Also, at Multnomah Falls is another site where Harv worked his magic. What tourists know as the visitor center in the historic Multnomah Falls Lodge used to be just rock and dirt under the slab of the dining floor. The Forest Service wanted to dig out a basement, and hard bids were requested.
Brent Schafer, president of Todd Construction, worked with Harv for 35 years. As Schafer tells it, everyone had their bids worked out, and Harv's for Todd Construction was quite low. Harv figured out a shoring system for the excavation, to hold up the dining room. The day before the bids were due, a sub came in, looked at what a problematic excavation job it would be, and estimated the job at half a million dollars.
"Harv was the only one who knew the consultant only spent 15 minutes there, so he was really confident his system would work." Everyone else used the sub consultant's number and raised their bids, but Harv kept Todd's low, and the company won the job. Harv's estimate was borne out when the job went just as he planned.
Schafer summed up construction in the 1970s: "There was a huge focus on production which sacrificed congeniality and safety. "Harv was real production-oriented. He focused on getting the job done. But he's a sharp guy and didn't have trouble adapting. As the times changed, he changed. "
Stick to the schedule
Another Harv job Schafer cites is the Springs at Lake Oswego retirement center, which has a green roof, patio, six elevators, an indoor swimming pool, two floors of underground parking and a huge food service area. "That was a class job, very complicated. We needed a tower crane to excavate 70,000 tons of dirt. That's 15 trucks an hour. It was a complicated job, with the number of subs involved and the schedule, and a good one to go out on."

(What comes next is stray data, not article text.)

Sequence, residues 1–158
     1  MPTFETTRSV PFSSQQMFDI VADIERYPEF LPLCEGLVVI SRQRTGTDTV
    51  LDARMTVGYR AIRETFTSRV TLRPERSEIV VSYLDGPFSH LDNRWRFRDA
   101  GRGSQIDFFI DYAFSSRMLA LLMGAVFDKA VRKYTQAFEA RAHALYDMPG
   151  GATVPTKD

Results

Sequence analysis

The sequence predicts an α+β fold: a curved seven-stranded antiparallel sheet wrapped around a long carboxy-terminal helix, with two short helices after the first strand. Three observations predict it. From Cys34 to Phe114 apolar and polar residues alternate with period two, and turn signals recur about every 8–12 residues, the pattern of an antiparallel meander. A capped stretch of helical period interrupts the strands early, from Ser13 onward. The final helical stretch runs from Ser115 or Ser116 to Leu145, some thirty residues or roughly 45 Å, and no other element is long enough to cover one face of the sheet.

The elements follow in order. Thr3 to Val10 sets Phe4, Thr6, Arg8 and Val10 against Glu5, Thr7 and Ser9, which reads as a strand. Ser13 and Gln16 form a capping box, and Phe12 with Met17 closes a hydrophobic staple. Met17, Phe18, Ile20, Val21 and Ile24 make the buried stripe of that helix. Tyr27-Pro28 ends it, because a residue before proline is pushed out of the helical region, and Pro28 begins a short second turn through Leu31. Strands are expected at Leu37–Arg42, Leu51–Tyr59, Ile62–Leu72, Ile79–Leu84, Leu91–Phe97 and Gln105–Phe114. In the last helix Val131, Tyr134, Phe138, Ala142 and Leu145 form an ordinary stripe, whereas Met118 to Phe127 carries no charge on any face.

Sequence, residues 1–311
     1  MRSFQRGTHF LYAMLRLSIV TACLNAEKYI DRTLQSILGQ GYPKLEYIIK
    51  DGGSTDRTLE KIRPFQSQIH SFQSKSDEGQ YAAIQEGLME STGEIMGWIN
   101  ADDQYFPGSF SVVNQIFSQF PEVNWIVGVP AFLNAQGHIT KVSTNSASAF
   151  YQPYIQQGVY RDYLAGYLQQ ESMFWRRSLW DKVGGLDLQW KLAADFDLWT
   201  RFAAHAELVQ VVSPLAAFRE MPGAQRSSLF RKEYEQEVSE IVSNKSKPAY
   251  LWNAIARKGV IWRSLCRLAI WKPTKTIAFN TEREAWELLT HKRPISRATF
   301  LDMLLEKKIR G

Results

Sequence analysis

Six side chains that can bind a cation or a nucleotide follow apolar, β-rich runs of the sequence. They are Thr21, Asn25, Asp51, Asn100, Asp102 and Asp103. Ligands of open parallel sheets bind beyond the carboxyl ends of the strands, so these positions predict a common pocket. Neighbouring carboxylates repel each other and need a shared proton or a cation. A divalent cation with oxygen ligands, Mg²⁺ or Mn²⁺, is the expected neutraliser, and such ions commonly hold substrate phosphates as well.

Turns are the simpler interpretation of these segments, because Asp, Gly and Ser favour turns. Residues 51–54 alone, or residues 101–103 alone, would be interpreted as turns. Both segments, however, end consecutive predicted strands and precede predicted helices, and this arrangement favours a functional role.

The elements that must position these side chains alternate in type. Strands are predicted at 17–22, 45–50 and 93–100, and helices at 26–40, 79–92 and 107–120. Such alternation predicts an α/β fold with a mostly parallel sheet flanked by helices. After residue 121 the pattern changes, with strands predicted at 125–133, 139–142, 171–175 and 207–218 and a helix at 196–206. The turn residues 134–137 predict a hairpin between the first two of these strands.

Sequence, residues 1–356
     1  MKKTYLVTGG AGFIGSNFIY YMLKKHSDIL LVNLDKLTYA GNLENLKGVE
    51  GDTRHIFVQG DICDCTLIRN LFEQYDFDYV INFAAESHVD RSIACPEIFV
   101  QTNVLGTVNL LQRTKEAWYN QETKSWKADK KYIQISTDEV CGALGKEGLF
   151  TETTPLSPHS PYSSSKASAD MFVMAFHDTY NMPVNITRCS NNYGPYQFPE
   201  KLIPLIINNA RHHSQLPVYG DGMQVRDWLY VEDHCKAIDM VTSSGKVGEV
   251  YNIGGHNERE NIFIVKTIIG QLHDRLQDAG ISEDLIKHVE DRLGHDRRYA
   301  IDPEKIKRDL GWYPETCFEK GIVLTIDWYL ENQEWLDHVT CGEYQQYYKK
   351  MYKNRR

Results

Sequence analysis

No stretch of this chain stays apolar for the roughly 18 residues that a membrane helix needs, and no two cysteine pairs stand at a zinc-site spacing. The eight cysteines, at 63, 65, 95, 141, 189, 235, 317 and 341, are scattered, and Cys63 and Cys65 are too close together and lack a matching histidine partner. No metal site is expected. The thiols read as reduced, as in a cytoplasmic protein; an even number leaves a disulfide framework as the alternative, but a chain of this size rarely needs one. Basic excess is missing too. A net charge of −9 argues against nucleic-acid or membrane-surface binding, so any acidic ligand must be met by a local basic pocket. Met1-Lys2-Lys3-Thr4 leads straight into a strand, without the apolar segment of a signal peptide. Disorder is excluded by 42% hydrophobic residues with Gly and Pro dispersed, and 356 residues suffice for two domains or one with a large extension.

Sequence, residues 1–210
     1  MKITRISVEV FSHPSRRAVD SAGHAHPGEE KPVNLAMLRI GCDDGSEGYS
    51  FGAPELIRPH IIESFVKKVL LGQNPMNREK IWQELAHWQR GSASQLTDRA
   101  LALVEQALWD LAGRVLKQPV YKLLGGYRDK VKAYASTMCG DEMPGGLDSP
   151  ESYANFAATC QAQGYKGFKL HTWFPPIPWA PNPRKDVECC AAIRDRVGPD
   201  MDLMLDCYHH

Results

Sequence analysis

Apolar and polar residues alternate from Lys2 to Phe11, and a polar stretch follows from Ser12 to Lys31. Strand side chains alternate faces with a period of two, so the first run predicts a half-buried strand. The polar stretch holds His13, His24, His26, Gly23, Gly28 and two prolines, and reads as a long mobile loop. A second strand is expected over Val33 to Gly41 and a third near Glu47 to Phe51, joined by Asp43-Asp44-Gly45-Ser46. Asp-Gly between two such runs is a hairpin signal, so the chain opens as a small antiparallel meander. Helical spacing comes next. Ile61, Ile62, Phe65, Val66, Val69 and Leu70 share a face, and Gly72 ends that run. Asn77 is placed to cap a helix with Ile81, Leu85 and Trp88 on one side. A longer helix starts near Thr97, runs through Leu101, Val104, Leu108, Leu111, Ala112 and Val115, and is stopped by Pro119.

Harv was proactive about keeping things going. "Say it rained and they couldn't pour the slab, he'd figure out a way to do it. He'd keep erecting the steel over it and pour the slab later." While others would have waited and lost time on the schedule, "He wouldn't settle for that. He was good at figuring out things," said Schafer.
Harv's youngest son Charley, 22, learned carpentry skills from his father and became a journeyman carpenter for Todd Construction by age 19. He now works as a superintendent at Dual Force.
Back in his dad's 20s, man-hours were cheaper than materials.
"When they'd take the concrete forms down, someone would pull all the nails and straighten and reuse them. Now you just buy a new box of nails." His dad got frustrated. "One day he was doing this, and his boss walked by, and dad threw him $5 and said 'Go buy some nails, I'll pay for them.'"
"He was always careful though. If a job needed more lumber, he'd tell the super to call around five or six suppliers to get the best price. It was worth the manager's time to do that. He was always trying to get guys to think ahead."
For example, getting the excavators working as soon as possible meant all the trades could start sooner.
"Saving a week at the front end of the job could often save a moth at the end of the job. And he always liked a job to finish up on time."
Charley added, he had his Harvisms, his sayings. He liked a joke, but he was intimidating enough that you wouldn't want to walk over him."
Reporter, The Business Tribune